It is perhaps tempting fate to encourage a policy debate on gangs in the midst of a tightly contested election campaign where they feature prominently.
However, we have before us a just-published report on gangs from the office of the Prime Minister’s Chief Science Adviser.
The report has been drawn up by the Chief Science Adviser to the Justice Sector, Professor Ian Lambie, a clinical psychologist, and Professor Tracey McIntosh, a sociologist, who is the Chief Science Adviser to the Ministry of Social Development.
What are the report’s principal findings?
The New Zealand gang landscape has some unique characteristics: while some gangs have adopted sophisticated business structures, older gang communities are more like whānau with shared whakapapa connections.
In other respects, however, gangs in New Zealand have followed international trends with the incursion of industrial-scale drug production and distribution, growing international links (for example, deportees from Australia, migrants with global connections), and the arrival of social media that has produced new dynamics of recruitment and reward.
A minority of members of gangs identified by the police are involved in large-scale, profit-driven criminal activity (mainly drug trafficking).
The police have identified around 8000 gang members. Of these, fewer than 2000 are classified as being members of gangs that are associated with profit-driven criminal “businesses”.
That said, about a third of prisoners on remand in New Zealand and about the same proportion of convicted prisoners are gang members.
The average gang member on the police list has about 38 convictions (many of which may be relatively minor, such as failing to meet bail conditions, with others being serious, such as violent offending).
The report points out that about 40 per cent of police response time in general is taken up with domestic violence, and this also features among gang members prominently; nearly three-quarters on the police list are involved in family harm and nearly half are themselves victims of violence.
While making a clear distinction between profit-driven outlaw gangs and those that are more visible and marginalised but less criminally intensive, the report is also at pains to draw a contrast between juvenile networks and adult gangs. The former are more opportunistic and fluid and do not necessarily transition to an adult life of crime or joining adult gangs.
Nevertheless, there is potentially a clear trajectory from youthful crime to adult gang membership.
The Social Wellbeing Agency, for example, followed 2000 young people in their early 20s identified as gang members.
They were more likely to have contact with Oranga Tamariki, including being subject to an investigation and being placed in state care. Almost one-third had contact with truancy services, a quarter experienced alternative education, and most had left school by age 17 with little or no educational attainment. Furthermore, 10 per cent of those at highest risk of offending committed 75 per cent of the recorded crime.
One can see here the bare bones of a programme of intervention at key points when these young people have contact with the state, either at Oranga Tamariki, at school, with the police, or with the health system (since many have health problems, particularly mental health and injury).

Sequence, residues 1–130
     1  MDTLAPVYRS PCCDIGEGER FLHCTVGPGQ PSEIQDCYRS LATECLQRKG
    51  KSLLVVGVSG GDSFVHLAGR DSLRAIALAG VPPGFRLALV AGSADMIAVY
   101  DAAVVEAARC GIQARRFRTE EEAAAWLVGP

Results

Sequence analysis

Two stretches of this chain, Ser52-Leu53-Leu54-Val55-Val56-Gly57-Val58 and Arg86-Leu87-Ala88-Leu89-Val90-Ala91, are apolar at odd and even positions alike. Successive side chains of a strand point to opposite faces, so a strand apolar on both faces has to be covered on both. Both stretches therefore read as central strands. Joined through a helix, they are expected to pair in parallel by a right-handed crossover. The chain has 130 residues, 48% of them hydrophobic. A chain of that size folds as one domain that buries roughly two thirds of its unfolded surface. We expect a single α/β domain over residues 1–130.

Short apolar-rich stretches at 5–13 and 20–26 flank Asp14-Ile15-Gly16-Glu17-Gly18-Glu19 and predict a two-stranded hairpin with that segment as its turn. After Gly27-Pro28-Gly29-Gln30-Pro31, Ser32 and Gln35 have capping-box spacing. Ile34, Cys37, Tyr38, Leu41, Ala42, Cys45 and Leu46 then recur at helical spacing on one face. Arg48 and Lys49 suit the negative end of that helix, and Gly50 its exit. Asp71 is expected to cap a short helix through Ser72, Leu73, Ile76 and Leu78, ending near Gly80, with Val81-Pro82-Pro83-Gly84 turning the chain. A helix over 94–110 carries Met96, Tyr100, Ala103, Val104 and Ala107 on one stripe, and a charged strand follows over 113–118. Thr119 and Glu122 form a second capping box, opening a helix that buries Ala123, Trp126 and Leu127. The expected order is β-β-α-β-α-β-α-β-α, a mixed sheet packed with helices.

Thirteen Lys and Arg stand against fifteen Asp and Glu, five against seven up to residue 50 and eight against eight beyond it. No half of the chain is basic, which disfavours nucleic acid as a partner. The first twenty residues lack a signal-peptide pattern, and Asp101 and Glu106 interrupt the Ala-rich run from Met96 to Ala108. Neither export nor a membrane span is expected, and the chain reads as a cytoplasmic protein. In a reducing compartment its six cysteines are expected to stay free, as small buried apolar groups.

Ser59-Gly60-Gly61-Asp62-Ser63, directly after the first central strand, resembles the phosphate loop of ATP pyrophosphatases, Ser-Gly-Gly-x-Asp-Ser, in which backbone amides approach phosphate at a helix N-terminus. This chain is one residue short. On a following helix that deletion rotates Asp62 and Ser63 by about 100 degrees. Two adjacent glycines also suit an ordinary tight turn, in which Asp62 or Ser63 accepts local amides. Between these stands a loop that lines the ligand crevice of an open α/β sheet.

So, what are the answers? The report identifies “suppression” as a frequent response. Special legislation aimed at gangs in New Zealand and Australia, however, has rarely been successful and has often been used more against non-gang criminals than gang members.
This does not mean that gang members should not be held to the law, as obviously they should be; but special sweeps and legislative interventions rarely remove gangs from the public agenda, except temporarily, and often strengthen their sense of internal solidary and marginalisation.
“Desistance” (abstaining from crime) and exit are other options, and yet it is hard for gang members to leave the group without recrimination and retribution. Nevertheless, family formation and entering employment are ways in which many “grow out of” an exclusive gang lifestyle.
What remains are policies of prevention and intervention at every stage of the potential trajectory from family dysfunction through failure at school to early delinquency and contact with the justice system, and ultimately to embedded gang membership (with or without heightened criminal activity).
Have any such policies of prevention actually worked?
The Scottish Violence Reduction Unit is cited, with impressive results over nearly a decade. An American programme was successful in preventing young people from joining gangs, but not in reducing offending. Yet, for anything to work in New Zealand, it has to be appropriately tailored to our particular ethnic mix, history and culture.
The report concludes that while short-term suppression might provide immediate outcomes, only medium- to long-term strategies can work over the long haul.
And it cannot be left solely to the police. A multi-agency collaboration is required, and even the gang communities themselves must be involved.
It is sometimes said that the first casualty of war is the truth.
In the heat of political campaigning and media attention let us not lose sight of the longer game when it comes to addressing crime.
- Peter Davis is chair of The Helen Clark Foundation, an independent public policy think-tank.